Another reason for the delay is that several villages must be relocated, MCC said in its latest earnings report.
Last month, the government celebrated the completion of a mosque, schools and other infrastructure at a planned relocation site for displaced villagers. But Mullah Sharbat Ahmadzai, a local elder who sits on a community advisory council for the project, said residents who vacated their homes years ago were still waiting for jobs and for land to rebuild on. Now others don’t want to cooperate.
“Neither the villagers around the mine site nor the government are benefiting from the project,” he said.
Security has also been a problem. Land mines had to be cleared, and last summer the consortium suspended work after about 150 Chinese employees fled insurgent rocket attacks. Shahrani said authorities then increased the number of security personnel and the workers returned.
Construction hasn’t begun on key support infrastructure, including a railway line and a coal-fired power plant. In the meantime, as many as 5,000 Afghans are out of work because authorities last summer put a stop to informal coal mining in Bamian’s Kahmard district to make way for the Chinese venture, said the provincial governor, Habiba Sarabi.
Frustration over the lack of work and coal — used here for cooking and heating during the winter — may have contributed to a rise in militant attacks last year, Sarabi said. But she said security had improved since authorities increased the number of Afghan army patrols and checkpoints in the area.
Shahrani said the central government would not tolerate illegal mining, because of health, safety and environmental concerns, as well as the use of child labor. But he said authorities were developing a policy framework that would permit some artisanal mining.
He said he expected production at Mes Aynak to begin in 2014. But some Western advisors privately question whether the Chinese companies may be holding back because of concern about the withdrawal of foreign troops and unfavorable market conditions. Company officials did not respond to requests for comment.
So far, major Western mining firms have shown limited interest in Afghanistan. Some have complained about high royalty fees. There is also concern about the country’s mining law, which does not guarantee companies the right to develop deposits they explore. Revisions aimed at reassuring foreign investors stalled last summer over Cabinet objections that the changes did not protect the country’s interests. Shahrani said he expected a new law to be passed this year.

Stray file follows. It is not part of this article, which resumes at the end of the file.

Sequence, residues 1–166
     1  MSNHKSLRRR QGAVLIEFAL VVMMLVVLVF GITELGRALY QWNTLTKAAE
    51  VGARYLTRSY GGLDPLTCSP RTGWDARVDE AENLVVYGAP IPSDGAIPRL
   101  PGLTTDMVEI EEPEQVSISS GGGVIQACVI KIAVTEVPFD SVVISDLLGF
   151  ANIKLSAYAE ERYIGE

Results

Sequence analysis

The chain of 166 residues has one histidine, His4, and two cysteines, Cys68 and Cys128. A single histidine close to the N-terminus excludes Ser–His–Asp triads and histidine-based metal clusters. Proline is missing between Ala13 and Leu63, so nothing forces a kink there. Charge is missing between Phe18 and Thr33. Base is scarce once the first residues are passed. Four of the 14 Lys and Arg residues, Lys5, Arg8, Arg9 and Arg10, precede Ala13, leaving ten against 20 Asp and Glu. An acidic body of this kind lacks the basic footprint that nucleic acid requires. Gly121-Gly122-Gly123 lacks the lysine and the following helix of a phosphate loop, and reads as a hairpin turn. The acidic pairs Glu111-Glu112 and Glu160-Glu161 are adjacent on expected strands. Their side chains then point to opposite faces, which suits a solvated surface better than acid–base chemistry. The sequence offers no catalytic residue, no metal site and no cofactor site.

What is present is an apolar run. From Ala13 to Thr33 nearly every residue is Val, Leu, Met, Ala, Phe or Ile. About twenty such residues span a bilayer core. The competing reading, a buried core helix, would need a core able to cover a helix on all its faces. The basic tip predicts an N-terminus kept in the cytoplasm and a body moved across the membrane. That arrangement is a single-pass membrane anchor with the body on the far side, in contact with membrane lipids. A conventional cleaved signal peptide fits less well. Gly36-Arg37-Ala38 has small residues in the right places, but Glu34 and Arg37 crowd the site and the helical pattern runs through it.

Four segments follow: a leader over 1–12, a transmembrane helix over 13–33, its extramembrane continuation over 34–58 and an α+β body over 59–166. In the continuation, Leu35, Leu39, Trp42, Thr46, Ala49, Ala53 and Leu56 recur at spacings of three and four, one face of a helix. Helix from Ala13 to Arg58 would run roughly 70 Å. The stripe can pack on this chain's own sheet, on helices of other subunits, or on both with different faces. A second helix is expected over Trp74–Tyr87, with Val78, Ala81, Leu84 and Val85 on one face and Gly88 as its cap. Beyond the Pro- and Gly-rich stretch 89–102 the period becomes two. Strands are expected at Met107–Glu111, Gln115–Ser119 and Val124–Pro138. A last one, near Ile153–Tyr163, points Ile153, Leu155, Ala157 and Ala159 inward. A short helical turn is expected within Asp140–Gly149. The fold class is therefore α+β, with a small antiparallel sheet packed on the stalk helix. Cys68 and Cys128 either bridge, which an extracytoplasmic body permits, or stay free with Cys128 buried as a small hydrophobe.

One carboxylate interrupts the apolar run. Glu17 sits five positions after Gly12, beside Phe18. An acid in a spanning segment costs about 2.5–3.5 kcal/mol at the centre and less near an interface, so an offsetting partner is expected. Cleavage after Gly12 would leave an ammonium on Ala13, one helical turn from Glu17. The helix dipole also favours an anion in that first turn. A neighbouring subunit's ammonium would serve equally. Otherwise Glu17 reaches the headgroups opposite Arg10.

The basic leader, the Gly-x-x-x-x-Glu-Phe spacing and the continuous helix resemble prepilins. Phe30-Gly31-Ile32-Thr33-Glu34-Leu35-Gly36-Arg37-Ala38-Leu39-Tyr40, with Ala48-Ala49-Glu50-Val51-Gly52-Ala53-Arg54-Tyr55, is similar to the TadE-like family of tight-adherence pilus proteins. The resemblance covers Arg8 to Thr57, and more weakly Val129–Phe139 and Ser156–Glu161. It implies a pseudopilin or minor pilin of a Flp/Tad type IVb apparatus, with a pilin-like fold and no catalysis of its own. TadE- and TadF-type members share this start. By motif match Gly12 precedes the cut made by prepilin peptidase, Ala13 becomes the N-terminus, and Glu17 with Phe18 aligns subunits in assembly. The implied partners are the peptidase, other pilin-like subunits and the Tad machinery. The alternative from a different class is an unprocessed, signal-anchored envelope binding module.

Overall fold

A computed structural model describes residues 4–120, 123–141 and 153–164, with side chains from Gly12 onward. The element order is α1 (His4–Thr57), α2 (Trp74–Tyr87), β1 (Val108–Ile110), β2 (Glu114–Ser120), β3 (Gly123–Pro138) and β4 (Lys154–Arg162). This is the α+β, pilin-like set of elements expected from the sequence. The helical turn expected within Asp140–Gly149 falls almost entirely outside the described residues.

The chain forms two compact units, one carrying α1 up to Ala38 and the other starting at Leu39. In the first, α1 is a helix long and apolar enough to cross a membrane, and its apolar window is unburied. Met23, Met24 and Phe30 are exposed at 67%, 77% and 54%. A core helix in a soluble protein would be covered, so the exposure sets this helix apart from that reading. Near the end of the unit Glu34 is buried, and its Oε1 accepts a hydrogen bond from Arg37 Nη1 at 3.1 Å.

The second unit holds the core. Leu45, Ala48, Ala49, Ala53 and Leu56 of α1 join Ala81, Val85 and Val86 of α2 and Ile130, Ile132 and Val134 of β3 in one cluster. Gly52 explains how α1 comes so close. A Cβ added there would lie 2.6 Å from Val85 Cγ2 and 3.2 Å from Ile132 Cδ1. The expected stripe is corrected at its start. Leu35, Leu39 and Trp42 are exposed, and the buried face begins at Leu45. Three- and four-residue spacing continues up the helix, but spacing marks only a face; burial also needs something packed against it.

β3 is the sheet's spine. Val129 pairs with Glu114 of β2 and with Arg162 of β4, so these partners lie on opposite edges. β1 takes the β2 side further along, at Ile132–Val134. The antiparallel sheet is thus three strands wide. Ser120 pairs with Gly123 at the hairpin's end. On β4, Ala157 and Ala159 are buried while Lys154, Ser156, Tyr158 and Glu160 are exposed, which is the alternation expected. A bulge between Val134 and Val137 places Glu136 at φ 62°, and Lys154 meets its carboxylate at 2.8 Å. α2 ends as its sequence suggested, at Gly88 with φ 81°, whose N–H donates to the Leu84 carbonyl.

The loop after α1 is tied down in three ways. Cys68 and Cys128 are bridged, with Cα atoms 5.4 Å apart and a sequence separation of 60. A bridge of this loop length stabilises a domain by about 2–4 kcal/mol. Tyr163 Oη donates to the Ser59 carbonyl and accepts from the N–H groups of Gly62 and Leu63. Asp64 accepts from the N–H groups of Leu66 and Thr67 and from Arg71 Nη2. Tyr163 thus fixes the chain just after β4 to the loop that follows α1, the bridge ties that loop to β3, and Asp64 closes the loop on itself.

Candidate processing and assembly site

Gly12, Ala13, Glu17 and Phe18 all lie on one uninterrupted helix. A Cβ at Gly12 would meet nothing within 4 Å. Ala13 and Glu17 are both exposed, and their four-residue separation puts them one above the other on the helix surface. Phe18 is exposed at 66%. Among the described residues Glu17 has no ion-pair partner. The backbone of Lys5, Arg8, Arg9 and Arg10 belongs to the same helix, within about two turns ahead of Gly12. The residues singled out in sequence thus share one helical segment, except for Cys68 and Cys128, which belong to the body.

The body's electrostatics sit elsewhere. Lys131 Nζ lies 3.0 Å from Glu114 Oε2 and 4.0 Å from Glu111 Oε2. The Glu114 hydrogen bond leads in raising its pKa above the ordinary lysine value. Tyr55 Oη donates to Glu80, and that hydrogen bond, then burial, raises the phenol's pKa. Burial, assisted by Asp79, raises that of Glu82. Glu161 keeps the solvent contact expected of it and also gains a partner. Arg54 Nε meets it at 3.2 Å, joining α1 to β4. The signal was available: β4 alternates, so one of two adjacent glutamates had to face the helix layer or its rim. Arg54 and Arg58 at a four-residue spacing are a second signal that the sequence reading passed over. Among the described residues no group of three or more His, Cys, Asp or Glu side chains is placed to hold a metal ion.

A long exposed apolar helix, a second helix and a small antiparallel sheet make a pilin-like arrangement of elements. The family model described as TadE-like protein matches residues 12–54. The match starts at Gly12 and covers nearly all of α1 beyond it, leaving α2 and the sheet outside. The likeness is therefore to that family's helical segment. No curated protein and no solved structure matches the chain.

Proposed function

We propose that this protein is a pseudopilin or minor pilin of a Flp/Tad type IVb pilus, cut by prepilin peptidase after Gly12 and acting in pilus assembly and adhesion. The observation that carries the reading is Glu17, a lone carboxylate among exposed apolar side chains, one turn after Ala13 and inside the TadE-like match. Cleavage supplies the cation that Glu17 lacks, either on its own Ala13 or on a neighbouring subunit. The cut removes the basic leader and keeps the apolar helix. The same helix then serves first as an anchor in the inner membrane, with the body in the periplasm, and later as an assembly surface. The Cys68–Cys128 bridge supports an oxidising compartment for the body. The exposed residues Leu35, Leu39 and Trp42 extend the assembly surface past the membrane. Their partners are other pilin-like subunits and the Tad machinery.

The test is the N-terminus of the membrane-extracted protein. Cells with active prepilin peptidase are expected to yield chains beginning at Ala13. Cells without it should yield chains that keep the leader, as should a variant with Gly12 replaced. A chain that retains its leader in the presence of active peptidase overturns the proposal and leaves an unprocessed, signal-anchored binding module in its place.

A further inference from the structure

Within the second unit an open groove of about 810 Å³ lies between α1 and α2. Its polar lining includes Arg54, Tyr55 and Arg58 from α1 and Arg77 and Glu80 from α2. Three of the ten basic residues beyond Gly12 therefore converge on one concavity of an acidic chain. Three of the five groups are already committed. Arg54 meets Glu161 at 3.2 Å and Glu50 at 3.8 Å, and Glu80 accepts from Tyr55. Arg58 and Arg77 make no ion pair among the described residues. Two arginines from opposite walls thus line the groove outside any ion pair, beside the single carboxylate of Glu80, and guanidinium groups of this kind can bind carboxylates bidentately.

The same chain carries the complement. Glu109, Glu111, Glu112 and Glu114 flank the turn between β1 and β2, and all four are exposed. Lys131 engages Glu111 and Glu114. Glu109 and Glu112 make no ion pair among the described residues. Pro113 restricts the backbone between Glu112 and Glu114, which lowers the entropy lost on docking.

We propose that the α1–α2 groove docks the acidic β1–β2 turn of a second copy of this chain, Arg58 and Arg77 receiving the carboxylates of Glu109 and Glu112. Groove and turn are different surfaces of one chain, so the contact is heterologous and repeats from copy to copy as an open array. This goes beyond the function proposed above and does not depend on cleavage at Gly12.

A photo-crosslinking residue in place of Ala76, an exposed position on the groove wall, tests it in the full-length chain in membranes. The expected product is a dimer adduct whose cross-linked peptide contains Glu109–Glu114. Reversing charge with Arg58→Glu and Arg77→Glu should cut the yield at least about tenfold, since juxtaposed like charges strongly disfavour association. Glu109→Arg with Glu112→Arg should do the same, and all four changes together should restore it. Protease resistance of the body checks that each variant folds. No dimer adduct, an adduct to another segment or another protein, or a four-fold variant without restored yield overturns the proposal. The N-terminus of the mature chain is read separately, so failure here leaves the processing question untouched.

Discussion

Investors also worry about Afghan corruption. Shahrani’s predecessor was sidelined after news reports alleged that he had accepted a $30-million bribe for the Mes Aynak tender, an accusation he denied.
Questions were also raised about a northern oil concession awarded to China National Petroleum Corp. and Watan Group, an Afghan company with connections to President Hamid Karzai’s family. Critics included Abdul Rashid Dostum, a former warlord whose supporters were accused by government officials of intimidating Chinese workers and demanding kickbacks. A statement issued by Karzai’s office said U.S. and British experts audited the tender and found the process was fair.
“All the necessary measures have been taken to make sure that our deals are clean, transparent, auditable, and they will be in line with international practices,” Shahrani said.
Afghanistan signed up for the Extractive Industries Transparency Initiative, an international effort that aims to improve governance in resource-rich countries by publishing payments made by oil, natural gas and mining companies. Last year, the government published more than 200 mining and energy contracts on the Ministry of Mines website.
Juman Kubba, a researcher with the London-based watchdog group Global Witness, welcomed the steps but said more safeguards were needed.
“One of our concerns is that the Aynak contract still has not been published. So who is going to check it’s actually being implemented?” she said. “There are so many international lessons of what can go wrong.”
Special correspondent Hashmat Baktash in Kabul and Tommy Yang in The Times’ Beijing bureau contributed to this report.